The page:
John L. Loeb Associate Professor of the Natural Sciences
569 Jefferson Lab
617 496 9123
mreece at g dot harvard dot edu
Research interests: physics beyond the Standard Model; cosmology; quantum field theory; quantum gravity
I am a co-organizer of an upcoming Summer 2019 Aspen Center for Physics program on "String Theory and the Hidden Universe" (with Jim Halverson, Arthur Hebecker, and Liam McAllister). Applications are due by January 31.
Videos of some of my recent talks are online: the Simons Summer Workshop; Cosmo-18 in Korea; and the Vistas over the Swampland meeting in Madrid.
The nature of dark matter and its interactions is one of the biggest mysteries in fundamental physics. Some of my work on the subject includes:
In the last few years I have been interested in what my colleague Cumrun Vafa named the "Swampland Program": how quantum gravity might provide constraints on low-energy physics. In a series of papers with Ben Heidenreich and Tom Rudelius (on the topics: sharpening the WGC [JHEP], the sublattice WGC [JHEP], emergence and the WGC [Eur Phys J C], emergence and long distances in field space [PRL]), I have developed arguments for a "Sublattice Weak Gravity Conjecture" implying that towers of charged particles become light in quantum gravity theories containing weak gauge couplings. This can be proven in a wide range of string theory constructions, and we have argued that it is related to the fact that many different amplitudes in a quantum gravity theory become strongly coupled at the same characteristic energy scale.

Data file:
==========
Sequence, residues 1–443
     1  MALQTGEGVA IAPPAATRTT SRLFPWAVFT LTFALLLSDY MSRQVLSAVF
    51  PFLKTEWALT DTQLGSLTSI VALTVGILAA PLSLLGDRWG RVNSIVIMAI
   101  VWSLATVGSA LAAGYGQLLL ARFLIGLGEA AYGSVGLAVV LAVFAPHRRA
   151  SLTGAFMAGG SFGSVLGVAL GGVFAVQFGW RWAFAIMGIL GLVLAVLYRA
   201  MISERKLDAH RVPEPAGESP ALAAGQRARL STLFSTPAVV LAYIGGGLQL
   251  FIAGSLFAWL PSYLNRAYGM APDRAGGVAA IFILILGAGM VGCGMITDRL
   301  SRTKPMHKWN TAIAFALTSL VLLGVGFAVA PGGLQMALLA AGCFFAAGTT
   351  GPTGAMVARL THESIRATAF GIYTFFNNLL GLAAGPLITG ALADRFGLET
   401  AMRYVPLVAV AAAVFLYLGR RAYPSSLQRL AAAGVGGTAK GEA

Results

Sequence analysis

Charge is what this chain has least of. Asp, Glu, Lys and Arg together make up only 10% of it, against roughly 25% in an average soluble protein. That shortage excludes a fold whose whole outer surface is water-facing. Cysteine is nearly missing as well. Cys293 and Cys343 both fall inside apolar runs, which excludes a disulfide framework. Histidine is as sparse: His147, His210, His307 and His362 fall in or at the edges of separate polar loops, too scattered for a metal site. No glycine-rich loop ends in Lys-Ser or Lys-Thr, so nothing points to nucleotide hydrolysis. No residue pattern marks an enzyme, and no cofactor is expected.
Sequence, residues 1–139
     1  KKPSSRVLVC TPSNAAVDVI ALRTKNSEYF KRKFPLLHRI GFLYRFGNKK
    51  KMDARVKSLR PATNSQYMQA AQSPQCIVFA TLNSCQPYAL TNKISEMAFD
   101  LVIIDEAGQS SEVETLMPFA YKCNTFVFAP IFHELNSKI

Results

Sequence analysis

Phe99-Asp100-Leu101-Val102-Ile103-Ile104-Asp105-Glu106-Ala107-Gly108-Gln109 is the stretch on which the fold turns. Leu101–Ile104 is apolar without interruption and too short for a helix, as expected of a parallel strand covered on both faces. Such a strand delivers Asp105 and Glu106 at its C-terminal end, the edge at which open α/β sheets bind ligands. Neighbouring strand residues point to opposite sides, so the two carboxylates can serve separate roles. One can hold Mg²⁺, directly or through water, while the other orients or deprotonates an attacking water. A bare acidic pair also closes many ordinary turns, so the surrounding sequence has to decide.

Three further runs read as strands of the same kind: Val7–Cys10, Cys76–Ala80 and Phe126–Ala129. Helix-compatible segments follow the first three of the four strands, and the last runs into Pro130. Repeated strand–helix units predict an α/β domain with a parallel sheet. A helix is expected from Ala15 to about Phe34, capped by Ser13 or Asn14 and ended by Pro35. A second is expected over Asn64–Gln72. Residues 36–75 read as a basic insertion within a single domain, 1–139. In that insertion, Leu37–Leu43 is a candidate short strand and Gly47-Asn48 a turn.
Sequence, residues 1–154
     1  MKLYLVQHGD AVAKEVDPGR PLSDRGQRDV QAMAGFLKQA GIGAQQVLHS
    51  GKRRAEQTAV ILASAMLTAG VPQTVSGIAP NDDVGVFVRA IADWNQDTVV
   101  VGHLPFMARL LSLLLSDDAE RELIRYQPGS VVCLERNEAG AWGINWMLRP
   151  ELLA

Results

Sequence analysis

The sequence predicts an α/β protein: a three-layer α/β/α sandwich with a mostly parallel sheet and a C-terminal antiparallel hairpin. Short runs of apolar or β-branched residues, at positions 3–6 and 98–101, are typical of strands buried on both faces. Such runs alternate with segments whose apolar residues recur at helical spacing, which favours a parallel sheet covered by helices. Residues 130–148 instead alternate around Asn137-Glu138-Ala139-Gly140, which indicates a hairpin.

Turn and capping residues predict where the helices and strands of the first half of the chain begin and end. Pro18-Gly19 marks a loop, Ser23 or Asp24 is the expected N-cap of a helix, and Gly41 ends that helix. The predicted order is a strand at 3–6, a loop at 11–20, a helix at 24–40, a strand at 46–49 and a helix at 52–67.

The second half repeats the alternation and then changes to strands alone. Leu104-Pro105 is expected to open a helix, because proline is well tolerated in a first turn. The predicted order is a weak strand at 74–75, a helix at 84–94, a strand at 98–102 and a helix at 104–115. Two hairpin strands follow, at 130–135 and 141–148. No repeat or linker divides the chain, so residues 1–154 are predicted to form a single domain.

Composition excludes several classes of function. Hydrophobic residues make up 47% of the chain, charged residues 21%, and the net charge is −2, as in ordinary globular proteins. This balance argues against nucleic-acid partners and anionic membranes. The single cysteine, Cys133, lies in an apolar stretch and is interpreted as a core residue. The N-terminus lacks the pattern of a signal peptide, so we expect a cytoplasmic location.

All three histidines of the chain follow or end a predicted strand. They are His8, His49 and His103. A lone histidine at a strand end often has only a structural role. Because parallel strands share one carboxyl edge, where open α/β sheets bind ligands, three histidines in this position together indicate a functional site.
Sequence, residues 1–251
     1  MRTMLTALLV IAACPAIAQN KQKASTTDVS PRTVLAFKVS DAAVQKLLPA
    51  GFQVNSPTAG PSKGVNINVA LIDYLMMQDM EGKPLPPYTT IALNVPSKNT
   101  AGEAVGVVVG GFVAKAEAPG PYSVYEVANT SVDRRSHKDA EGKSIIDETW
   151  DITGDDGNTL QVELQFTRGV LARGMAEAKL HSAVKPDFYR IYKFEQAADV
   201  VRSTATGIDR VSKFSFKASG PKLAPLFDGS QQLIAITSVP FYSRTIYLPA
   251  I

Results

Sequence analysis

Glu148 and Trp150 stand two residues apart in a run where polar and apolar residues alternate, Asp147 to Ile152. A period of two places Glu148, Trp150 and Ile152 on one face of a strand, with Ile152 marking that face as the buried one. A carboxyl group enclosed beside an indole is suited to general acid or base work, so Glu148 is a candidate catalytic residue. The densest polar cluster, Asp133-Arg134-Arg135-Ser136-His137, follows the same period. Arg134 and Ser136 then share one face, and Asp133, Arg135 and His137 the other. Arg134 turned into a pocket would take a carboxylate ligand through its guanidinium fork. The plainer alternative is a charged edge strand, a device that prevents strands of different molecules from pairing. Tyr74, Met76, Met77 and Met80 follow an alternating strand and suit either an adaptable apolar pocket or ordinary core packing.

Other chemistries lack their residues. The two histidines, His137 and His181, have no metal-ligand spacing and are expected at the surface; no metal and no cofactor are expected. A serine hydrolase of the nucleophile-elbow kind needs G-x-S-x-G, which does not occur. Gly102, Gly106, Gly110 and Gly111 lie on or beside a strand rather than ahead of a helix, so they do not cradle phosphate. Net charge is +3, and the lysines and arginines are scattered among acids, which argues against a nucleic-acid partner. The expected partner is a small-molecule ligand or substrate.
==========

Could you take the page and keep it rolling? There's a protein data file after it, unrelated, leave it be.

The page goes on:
As one example of the potential utility of these ideas for conventional particle physics, I have recently argued that it is only in the quantum gravity context that we can argue that the photon mass must be exactly zero. Furthermore, various theories of dark photon dark matter are put under strain by these "Swampland" ideas.
Since the beginning of my career I have maintained a strong interested in the physics of the TeV scale and the question of the mechanism underlying electroweak symmetry breaking. This continues to be a target for the LHC and other particle physics experiments. Some of my work in this direction includes:
I have worked on a range of other topics, and maintain an interest in all of the many possible experimental directions that might shed the first light on what lies beyond the Standard Model.
A short expository note on inflation, the Lyth bound, and the consequences of observable tensor modes.
A short expository note on the electron EDM in new physics models.
BRIDGE software for computing branching ratios and decays (written with Patrick Meade)
Some simulation tools for a GeV dark sector (written with Lian-Tao Wang)
Code for stop decay to goldstino (gravitino) in MadGraph
Stealth SUSY Simplified Models (see the associated paper with J. Fan, R. Krall, D. Pinner, and J. Ruderman)